Film Review: THE MAN FROM DEEP RIVER (1972)

THE MAN FROM DEEP RIVER *** Italy 1972 Dir: Umberto Lenzi. 93 mins

A trend-setting movie in the Italian cannibal cycle and a career-making picture for Lenzi, this operates as both a cash-in on the American hit A MAN CALLED HORSE and a fictionalised extension of the earlier “Mondo” movies. A title card at the start sets the tone for movies to come, highlighting the authenticity of what we’re about to see while announcing “only the story is imaginary” (!). The location filming is one of its strongest suits, with a marvellous sense of time and place as handsome ex-pat Brit photographer Ivan Rassimov has his casual J & B drinking session ruined by an altercation in a bar on the Thailand / Burma border, and ends up kidnapped by a tribe, captured in a net and forced to watch their tongue-slicing rituals before undergoing initiation.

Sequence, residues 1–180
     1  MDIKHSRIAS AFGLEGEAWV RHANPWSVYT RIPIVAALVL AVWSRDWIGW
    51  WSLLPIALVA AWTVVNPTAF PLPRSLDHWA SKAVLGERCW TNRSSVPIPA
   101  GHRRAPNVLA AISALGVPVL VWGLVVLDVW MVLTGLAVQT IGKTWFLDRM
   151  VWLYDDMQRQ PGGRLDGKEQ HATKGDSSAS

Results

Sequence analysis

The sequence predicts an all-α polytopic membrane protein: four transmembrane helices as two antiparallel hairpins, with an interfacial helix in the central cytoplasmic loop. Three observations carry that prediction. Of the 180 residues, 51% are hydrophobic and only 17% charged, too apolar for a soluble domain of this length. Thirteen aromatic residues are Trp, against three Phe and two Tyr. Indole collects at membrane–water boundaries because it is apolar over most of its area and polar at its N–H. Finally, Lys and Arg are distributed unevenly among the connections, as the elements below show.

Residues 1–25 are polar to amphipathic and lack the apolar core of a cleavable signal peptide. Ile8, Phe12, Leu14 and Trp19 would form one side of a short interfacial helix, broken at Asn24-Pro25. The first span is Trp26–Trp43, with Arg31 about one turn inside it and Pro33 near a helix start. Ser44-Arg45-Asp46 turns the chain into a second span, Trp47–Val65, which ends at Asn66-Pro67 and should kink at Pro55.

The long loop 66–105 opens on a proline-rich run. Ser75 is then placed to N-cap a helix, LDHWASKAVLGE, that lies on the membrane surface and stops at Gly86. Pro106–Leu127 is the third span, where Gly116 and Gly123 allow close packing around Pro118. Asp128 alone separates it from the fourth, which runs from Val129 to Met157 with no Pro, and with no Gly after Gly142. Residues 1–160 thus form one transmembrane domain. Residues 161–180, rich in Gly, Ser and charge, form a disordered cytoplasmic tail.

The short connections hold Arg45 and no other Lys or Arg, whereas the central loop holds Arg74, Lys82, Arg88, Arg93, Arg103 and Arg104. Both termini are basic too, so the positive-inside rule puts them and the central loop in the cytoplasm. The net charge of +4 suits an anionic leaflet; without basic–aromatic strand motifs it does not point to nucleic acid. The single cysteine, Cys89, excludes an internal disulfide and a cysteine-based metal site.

A suspenseful, proficient white-man-in-peril story, this balances Rassimov’s torment with the amusing evolution of his romance with Me Me Lai, who enter into marriage following a tribal ritual that resembles a risqué Channel 4 dating show. Her pregnancy prompts Rassimov’s enthusiastic pre-PC response “It’ll be a boy! My little black savage!”. Much of the brutality is confined to the last half-hour, when Rassimov becomes one of the “savages” and the weepie-like drama of Lai’s slow-death and child-birth are juxtaposed with limb-severing gore. Heavily cut for animal cruelty throughout its British release history, DEEP RIVER’s 88 Films release in 2016 was its most complete release to date in the UK. The BBFC’s directive was “to remove scenes of unsimulated animal cruelty organised and directed for the purposes of the film”: although short moments of genuine animal butchery remain, the loss of the rest does the movie a favour, in truth.

Review by Steven West

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